How to get started and what you should include in your personal statement

UCAS has a fantastic guide on what the personal statement should involve, and its website is a great exploratory tool. Your school will also have helpful information on how to begin, and it is essential to use the materials you have on hand.

We all know that getting started is often the most challenging part, so to help with this, think about breaking the statement down into manageable chunks. If the opening line is causing you concern, you might find it most straightforward to start with a paragraph about your current studies. You can always come back to the flow and the order of the statement at a later stage.

It is also important to remember that your statement should have a significant subject and academic focus, rather than a piece of writing telling the admissions officers about unrelated personal life. This can be a strange concept given the term ‘personal statement’, but the heavy academic focus relates to university-level study and later academic expectations.

Your personal statement should focus on why you are a suitable candidate. This could include:

- Your ambitions, as well as what is interesting to you about the subject.

- The qualities and skills you possess to do well on the course. How do these qualities fit into your aspirations for the future?

- What makes you suitable – this could be relevant experience, skills, or achievements you’ve gained from education, work, or other activities.

- Remember, the ultimate goal of your personal statement is to explain your reasoning for wanting to study that particular course at university and presenting your credentials to be a successful learner at the university level.

Extra-curriculars can help show the admissions officers your more comprehensive credentials, including characteristics such as independence and resourcefulness. Showing you have applied yourself to something over time will usually be looked upon favourably by admissions officers. Around 20% of the statement should be spent on what you do outside of your academic interests and, more importantly, the relevant skills you have learnt from these experiences to be successful at university or pertinent to your course.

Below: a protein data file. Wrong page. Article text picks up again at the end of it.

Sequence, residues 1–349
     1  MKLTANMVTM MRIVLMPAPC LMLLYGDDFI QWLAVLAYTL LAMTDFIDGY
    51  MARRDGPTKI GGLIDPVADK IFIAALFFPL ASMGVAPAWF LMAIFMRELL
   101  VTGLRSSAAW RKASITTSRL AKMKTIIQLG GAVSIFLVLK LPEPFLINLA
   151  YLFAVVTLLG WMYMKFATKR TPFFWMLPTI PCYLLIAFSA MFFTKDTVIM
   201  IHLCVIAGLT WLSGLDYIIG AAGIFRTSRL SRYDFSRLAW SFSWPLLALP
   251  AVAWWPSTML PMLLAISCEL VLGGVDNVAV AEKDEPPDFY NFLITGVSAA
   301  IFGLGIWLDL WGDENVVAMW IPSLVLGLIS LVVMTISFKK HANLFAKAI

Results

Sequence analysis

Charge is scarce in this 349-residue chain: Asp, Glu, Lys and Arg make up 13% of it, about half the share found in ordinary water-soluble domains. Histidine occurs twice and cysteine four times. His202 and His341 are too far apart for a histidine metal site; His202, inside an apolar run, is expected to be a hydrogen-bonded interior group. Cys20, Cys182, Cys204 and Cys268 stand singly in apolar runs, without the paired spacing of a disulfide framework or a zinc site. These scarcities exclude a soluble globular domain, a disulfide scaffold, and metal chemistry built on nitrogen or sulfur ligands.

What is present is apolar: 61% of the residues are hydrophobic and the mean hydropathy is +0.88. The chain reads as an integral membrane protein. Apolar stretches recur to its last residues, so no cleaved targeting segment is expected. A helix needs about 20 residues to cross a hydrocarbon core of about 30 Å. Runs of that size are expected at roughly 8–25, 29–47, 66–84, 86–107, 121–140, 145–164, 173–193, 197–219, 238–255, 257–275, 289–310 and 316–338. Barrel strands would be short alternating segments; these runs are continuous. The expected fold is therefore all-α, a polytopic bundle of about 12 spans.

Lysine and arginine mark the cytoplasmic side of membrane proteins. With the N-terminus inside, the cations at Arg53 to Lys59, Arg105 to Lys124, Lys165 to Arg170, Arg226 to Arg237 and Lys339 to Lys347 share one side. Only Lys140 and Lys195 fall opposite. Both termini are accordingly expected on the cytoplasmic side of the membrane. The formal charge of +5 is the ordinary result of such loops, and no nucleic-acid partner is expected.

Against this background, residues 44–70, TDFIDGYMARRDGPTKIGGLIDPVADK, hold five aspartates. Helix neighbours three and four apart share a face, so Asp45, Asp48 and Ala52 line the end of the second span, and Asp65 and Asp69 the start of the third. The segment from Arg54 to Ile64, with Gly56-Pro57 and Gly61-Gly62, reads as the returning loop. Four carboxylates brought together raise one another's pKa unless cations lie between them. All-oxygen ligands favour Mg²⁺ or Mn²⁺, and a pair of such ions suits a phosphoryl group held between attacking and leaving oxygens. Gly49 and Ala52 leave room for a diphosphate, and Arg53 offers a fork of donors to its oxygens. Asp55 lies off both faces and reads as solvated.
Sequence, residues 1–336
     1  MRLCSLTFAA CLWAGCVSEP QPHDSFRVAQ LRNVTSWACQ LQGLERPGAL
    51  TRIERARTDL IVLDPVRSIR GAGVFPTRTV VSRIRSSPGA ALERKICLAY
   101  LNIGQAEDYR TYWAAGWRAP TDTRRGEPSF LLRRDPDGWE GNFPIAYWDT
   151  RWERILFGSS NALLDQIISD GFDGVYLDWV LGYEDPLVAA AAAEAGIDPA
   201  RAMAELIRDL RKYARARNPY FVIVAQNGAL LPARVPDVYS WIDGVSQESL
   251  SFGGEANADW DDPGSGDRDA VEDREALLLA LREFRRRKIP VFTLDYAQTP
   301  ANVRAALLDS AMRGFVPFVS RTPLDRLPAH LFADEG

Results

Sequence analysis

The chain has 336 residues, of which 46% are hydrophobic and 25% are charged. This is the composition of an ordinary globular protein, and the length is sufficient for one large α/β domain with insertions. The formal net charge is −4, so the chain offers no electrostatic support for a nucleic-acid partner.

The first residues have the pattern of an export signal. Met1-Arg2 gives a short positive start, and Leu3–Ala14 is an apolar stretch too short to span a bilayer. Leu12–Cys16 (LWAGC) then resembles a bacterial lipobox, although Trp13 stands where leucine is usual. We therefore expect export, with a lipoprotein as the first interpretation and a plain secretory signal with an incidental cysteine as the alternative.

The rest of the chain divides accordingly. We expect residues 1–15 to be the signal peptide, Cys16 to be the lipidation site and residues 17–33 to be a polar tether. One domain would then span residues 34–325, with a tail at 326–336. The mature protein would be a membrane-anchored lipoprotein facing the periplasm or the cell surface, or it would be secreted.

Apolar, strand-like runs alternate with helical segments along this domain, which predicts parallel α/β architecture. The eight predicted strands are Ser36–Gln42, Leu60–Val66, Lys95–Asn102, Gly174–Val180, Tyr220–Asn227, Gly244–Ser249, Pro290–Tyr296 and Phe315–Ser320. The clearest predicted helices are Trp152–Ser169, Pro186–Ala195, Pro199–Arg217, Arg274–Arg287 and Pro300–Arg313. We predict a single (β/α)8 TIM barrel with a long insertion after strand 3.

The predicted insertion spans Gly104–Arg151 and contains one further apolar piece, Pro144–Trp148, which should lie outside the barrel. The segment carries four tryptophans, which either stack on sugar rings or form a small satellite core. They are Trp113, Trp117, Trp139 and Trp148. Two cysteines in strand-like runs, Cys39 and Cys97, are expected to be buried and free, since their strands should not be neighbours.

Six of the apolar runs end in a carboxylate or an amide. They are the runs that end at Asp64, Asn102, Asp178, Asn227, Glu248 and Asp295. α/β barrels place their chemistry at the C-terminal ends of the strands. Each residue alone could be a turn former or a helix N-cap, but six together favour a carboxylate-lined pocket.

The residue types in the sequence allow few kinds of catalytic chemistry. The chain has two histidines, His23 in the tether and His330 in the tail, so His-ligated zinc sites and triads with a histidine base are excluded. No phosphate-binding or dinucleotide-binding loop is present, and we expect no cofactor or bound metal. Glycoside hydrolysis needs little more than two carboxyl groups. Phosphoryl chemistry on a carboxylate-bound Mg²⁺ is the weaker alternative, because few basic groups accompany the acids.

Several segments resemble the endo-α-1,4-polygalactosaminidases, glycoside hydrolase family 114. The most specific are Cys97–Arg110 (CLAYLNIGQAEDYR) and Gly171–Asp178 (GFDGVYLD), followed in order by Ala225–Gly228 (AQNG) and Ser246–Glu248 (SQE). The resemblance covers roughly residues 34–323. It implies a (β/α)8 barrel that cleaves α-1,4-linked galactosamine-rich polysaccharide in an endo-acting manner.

How important is work experience in the context of the personal statement?

Most universities do not have work experience requirements other than certain vocational subjects such as veterinary, medicine and dentistry.

Yet whilst not a requirement, completing work experience or internships is advisable if available to you. These sorts of opportunities can be hugely valuable from an exploration perspective and for helping you stand out. It can help prove to admissions officers that you are dedicated to your studies by organising it in the first place. For you, it can be helpful to see whether the work interests you enough to warrant studying it at the university level.

It is important to note that listing work experience is not enough (this can be done during a different part of the application!). Instead, it would help if you wrote about what you have gained from the experience and how this connects to your future aspirations or proves you are a good learner.

It is better to talk in-depth about fewer work experiences rather than creating lists of everything you have done. Think quality over quantity.


For more detailed guidance on how to break down your statement into relevant sections and how to tie things all together, please don’t hesitate to contact Quintessentially Education, who will be able to assist with all your application needs.